With modern telescopes, we now see this effect in full glory in the sky. We observe how galaxies act as cosmic lenses and distort the images of stars and other galaxies in the most bizarre ways. But the most dramatic way in which the universe shapes light is through its expansion. Astronomers have discerned this phenomenon by noticing that the colors of distant stars are shifted toward the red. Objects that are moving have different colors—this is known as the Doppler effect—and some of these galaxies move away from us so fast that they are in the deep infrared. So the shape of space and time literally colors our universe.

This coloring is most spectacular in the case of the universe’s first light. This light was emitted roughly 380,000 years after the Big Bang, when matter was no longer closely tied together and light could escape. It has been traveling through the universe ever since and can now be detected as microwave radiation. That signal was first detected fifty years ago—the third anniversary that makes 2015 the International Year of Light. Satellites now produce detailed maps of this primordial light, beautiful pointillist paintings cast by the universe.

In fact, light allows us to connect to the very beginning of the universe. By carefully looking at the universe’s first light, we hope to detect the primordial gravitational waves or ripples out of which the universe began. A cosmological theory called inflation tells us that our universe started as a miniature speck of space that expanded to gigantic dimensions. Inflation theory is being tested right now by trying to find these swirls or fluctuations in the universe’s pointillist painting. Last year, a team of researchers announced that they had detected evidence of these quantum fluctuations. While these apparent signals turned out to be galaxy dust, researchers keep looking for these signatures.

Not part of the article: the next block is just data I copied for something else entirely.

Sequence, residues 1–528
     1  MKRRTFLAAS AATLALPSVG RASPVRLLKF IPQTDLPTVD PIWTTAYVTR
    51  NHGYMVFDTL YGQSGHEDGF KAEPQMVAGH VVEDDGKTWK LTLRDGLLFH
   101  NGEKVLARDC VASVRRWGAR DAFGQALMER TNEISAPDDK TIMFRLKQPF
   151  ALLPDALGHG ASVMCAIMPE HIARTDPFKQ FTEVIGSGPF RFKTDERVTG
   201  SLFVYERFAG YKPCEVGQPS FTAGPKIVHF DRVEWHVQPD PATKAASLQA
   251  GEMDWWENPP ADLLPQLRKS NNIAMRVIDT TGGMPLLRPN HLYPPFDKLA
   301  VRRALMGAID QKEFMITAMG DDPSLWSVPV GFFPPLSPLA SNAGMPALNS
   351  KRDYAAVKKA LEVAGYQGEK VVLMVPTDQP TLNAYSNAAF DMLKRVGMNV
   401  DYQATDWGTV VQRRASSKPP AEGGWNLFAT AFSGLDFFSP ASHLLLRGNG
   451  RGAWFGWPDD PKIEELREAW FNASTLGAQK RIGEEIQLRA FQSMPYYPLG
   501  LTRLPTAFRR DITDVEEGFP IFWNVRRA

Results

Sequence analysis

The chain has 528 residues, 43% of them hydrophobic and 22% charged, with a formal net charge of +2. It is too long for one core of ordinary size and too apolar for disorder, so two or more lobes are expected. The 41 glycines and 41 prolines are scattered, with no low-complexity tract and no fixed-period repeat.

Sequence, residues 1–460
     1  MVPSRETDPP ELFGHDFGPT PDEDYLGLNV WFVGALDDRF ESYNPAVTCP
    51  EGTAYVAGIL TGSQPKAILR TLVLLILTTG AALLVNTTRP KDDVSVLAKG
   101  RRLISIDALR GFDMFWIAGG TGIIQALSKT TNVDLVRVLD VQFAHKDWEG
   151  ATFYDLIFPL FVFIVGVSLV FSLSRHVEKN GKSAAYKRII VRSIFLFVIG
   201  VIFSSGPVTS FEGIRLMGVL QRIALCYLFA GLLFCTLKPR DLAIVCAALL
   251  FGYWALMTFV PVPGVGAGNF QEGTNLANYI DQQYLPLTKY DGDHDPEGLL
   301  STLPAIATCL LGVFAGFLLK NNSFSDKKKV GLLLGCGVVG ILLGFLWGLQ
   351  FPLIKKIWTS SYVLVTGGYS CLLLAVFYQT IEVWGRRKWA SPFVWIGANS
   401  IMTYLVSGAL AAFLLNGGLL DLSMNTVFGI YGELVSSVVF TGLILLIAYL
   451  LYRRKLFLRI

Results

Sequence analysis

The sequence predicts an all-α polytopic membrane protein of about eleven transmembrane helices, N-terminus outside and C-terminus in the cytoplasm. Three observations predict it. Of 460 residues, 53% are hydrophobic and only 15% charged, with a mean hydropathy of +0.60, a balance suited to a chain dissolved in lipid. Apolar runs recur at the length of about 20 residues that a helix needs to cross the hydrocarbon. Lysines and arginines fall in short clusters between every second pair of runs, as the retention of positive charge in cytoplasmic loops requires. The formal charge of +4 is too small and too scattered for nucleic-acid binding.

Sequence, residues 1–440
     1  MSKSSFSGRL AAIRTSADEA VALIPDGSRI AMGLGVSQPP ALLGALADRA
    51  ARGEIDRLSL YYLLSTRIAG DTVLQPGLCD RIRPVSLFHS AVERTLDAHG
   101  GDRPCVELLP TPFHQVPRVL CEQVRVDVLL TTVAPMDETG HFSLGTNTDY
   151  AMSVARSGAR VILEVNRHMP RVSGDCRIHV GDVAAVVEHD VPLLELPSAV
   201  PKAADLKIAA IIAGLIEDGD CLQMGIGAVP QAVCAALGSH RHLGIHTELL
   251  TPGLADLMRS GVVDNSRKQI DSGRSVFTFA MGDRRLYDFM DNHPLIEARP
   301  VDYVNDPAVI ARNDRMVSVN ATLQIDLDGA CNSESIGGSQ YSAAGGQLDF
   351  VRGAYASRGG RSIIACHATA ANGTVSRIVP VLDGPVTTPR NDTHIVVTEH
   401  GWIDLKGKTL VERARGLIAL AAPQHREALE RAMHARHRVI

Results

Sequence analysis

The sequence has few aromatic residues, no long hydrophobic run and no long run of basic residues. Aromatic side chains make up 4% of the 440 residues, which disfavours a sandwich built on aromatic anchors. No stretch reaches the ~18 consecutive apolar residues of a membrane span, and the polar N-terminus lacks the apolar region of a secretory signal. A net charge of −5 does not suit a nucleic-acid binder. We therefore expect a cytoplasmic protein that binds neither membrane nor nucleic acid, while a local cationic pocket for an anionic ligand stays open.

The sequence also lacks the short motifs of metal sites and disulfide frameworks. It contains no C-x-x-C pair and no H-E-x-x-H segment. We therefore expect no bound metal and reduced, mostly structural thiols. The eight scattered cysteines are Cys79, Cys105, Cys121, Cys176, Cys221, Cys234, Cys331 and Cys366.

These days, Wheeler’s image is more appropriate than ever. By observing light in all its manifestations we can make contact with worlds that are at the outer edge and the very beginning of our cosmos. For the first time in the history of science, we look through our biggest telescopes or biggest microscopes, peering to the end of the universe or the most inner parts of subnuclear particles, and essentially search for the same thing: What is the universe made of? 

There are many beautiful ways that architects, designers, and artists shape light. But the universe might be the greatest artist, and nature is at least as imaginative as we are. 

This article was drawn from a keynote speech that Robbert Dijkgraaf, Institute Director and Leon Levy Professor, delivered at the International Year of Light 2015 kick-off event in Amsterdam: www.ias.edu/ias-letter/2015/video/dijkgraaf-light. For more information about the International Year of Light, a global U.N. initiative, visit www.light2015.org.

Published in The Institute Letter Spring 2015